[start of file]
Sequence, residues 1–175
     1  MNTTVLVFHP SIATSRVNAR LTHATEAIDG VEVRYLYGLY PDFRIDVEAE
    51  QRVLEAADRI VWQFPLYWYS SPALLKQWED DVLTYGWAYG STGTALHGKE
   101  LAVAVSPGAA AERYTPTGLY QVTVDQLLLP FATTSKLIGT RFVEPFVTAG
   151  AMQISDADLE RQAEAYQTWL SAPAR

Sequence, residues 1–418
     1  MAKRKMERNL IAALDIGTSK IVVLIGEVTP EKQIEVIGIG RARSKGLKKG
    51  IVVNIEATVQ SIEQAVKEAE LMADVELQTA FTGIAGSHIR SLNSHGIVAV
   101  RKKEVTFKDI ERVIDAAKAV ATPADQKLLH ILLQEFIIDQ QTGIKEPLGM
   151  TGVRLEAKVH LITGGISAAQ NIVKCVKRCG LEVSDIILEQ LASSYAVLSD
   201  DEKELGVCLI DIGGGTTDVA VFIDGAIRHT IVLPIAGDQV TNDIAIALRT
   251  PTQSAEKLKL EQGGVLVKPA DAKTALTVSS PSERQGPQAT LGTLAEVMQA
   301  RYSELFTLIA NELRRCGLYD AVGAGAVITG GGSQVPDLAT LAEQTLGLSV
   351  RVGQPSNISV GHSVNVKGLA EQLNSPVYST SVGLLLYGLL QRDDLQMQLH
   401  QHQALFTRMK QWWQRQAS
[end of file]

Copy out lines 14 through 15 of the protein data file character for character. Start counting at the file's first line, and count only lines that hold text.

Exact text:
   351  RVGQPSNISV GHSVNVKGLA EQLNSPVYST SVGLLLYGLL QRDDLQMQLH
   401  QHQALFTRMK QWWQRQAS